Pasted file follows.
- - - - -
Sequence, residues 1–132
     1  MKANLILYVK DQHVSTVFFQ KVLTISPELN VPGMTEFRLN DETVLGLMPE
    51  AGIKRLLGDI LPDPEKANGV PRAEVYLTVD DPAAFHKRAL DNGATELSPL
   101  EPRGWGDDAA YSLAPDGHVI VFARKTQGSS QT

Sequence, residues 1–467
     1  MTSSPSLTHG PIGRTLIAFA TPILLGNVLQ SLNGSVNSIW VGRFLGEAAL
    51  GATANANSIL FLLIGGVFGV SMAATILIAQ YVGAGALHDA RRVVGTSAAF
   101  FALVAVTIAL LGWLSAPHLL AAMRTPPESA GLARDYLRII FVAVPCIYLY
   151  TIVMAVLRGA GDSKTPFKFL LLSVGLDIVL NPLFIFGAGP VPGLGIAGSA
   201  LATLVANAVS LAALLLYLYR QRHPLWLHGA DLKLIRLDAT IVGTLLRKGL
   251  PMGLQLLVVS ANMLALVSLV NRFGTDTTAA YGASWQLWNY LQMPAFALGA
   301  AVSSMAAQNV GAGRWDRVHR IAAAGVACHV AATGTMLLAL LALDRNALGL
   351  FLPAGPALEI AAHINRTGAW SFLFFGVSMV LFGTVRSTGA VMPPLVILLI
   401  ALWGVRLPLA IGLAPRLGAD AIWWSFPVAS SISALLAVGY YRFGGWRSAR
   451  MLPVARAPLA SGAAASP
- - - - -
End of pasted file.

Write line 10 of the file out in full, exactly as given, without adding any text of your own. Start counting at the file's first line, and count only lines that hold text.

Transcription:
   201  LATLVANAVS LAALLLYLYR QRHPLWLHGA DLKLIRLDAT IVGTLLRKGL